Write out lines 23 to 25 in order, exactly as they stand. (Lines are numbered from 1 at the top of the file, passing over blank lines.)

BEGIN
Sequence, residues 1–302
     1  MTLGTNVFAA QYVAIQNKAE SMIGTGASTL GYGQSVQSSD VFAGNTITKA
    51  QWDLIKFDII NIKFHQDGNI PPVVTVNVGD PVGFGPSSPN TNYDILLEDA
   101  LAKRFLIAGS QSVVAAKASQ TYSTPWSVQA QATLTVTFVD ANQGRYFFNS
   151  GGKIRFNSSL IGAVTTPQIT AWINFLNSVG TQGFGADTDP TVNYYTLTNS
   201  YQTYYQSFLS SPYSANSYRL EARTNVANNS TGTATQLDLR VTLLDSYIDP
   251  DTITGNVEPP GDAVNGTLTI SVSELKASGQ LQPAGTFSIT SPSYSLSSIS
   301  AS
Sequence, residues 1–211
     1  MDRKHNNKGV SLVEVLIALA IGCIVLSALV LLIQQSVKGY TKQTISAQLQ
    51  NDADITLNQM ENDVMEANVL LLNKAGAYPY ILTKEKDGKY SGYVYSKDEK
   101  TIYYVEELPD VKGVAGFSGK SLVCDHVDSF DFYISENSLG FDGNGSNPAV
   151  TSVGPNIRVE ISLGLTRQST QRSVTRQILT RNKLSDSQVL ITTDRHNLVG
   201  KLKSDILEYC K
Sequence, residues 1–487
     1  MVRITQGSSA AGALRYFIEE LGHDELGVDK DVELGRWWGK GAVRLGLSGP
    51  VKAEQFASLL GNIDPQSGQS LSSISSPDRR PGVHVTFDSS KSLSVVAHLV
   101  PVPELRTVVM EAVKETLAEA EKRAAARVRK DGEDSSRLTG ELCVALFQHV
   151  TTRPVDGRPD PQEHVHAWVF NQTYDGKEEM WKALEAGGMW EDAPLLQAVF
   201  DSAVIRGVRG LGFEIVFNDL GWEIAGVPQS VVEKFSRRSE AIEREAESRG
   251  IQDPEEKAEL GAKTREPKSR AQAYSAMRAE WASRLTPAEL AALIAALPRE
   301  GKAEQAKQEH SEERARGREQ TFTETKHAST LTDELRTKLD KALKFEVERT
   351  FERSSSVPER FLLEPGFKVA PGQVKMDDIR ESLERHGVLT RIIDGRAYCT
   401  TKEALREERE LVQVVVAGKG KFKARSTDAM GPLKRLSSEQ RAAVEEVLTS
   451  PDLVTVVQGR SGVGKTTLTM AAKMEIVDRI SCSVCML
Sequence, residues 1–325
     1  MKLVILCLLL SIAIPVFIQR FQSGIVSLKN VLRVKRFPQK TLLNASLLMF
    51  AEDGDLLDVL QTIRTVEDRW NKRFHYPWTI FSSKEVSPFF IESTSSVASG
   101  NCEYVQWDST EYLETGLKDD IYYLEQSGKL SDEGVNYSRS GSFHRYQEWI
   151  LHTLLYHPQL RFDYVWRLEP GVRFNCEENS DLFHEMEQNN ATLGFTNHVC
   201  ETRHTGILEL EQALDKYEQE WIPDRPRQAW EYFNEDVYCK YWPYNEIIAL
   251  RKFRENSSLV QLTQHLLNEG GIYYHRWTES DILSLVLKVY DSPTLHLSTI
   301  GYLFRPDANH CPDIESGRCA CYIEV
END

   351  FERSSSVPER FLLEPGFKVA PGQVKMDDIR ESLERHGVLT RIIDGRAYCT
   401  TKEALREERE LVQVVVAGKG KFKARSTDAM GPLKRLSSEQ RAAVEEVLTS
   451  PDLVTVVQGR SGVGKTTLTM AAKMEIVDRI SCSVCML